Former Secretary of State Colin Powell on Sunday supported government eavesdropping to prevent terrorism, but said a major controversy over presidential powers could have been avoided by obtaining court warrants.
Powell said that when he was in the Cabinet, he was not told that President George W. Bush authorized a warrantless National Security Agency surveillance operation after the September 11, 2001 attacks.
Appearing on ABC's "This Week" Powell said he sees "absolutely nothing wrong with the president authorizing these kinds of actions" to protect the nation.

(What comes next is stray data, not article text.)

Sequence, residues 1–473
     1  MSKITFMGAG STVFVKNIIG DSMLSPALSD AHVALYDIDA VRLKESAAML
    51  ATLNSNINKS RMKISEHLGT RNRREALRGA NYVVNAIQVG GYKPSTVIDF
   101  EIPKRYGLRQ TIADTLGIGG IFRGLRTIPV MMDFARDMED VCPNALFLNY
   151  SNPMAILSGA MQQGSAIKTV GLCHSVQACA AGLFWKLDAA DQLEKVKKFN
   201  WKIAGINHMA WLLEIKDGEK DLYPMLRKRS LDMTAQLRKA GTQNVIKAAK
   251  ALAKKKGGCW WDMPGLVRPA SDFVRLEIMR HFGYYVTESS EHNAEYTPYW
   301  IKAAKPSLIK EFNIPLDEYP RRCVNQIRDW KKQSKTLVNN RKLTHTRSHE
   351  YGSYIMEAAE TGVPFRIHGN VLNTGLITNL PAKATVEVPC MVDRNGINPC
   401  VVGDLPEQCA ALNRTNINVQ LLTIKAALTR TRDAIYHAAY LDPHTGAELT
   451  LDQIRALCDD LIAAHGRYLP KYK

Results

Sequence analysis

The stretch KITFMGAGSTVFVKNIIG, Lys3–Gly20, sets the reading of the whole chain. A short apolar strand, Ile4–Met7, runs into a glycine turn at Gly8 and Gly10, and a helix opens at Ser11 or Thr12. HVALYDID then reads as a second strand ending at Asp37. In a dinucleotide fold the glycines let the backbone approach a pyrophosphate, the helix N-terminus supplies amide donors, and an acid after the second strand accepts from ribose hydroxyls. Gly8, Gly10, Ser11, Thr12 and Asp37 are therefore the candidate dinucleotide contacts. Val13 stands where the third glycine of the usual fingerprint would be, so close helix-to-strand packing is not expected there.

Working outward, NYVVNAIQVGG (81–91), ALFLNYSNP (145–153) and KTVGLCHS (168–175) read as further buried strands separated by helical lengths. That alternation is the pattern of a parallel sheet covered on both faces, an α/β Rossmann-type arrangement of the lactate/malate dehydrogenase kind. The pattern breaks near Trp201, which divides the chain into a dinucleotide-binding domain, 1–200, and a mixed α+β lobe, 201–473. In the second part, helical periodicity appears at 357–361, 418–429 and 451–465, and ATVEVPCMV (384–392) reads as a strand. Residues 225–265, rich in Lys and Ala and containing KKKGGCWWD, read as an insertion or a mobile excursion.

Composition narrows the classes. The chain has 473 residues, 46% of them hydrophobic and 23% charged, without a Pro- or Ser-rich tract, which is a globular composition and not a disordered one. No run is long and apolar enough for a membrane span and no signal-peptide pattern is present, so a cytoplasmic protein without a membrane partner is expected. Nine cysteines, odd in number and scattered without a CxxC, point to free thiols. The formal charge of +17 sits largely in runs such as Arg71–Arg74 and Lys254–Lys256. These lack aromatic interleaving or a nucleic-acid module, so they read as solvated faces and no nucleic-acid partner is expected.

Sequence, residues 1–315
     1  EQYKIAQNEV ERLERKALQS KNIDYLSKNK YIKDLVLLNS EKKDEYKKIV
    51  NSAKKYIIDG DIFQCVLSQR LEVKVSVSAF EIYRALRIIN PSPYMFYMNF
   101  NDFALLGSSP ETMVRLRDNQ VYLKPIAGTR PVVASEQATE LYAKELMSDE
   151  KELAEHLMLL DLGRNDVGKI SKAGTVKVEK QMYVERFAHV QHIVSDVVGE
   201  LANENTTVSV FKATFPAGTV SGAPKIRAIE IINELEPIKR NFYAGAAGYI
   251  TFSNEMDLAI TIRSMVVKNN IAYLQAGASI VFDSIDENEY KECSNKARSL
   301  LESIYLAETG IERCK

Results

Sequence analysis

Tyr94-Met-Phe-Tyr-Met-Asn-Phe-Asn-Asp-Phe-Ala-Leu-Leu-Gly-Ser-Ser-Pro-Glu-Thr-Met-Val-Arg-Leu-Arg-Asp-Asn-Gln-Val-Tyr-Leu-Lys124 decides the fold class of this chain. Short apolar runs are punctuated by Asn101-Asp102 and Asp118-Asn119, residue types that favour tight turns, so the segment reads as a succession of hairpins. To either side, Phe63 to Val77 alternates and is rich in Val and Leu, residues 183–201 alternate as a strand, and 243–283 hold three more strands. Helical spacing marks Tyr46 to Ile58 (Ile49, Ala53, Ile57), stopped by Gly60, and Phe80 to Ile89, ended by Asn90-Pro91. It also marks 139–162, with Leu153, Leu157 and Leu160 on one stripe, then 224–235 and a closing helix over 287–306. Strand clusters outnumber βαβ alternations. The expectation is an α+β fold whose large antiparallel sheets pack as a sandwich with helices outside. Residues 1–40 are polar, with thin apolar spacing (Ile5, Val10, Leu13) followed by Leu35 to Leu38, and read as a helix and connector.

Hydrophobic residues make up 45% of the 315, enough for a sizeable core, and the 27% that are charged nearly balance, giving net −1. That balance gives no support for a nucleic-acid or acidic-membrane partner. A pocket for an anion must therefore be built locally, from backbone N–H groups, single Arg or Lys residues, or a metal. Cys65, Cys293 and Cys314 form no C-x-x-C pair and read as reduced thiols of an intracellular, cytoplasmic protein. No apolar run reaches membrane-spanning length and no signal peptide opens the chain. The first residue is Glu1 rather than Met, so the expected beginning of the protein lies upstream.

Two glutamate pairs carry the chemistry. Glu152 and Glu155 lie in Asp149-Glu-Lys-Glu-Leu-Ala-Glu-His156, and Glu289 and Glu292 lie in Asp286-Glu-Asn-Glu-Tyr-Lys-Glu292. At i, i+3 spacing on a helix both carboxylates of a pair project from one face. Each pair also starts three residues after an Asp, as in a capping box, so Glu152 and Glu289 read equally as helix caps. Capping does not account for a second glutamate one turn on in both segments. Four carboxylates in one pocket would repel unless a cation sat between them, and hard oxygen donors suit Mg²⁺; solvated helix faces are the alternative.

The New York Times reported on its Internet site Friday that the NSA has traced and analyzed large volumes of telephone and Internet communications flowing into and out of the United States. The program bypassed the secret Foreign Intelligence Surveillance Court.
Powell said Congress will need to judge whether Bush is correct in his assertion that he could approve eavesdropping without first obtaining court orders.
Powell, who also is a former chairman of the military Joint Chiefs of Staff, had no reservations when asked whether eavesdropping should continue.
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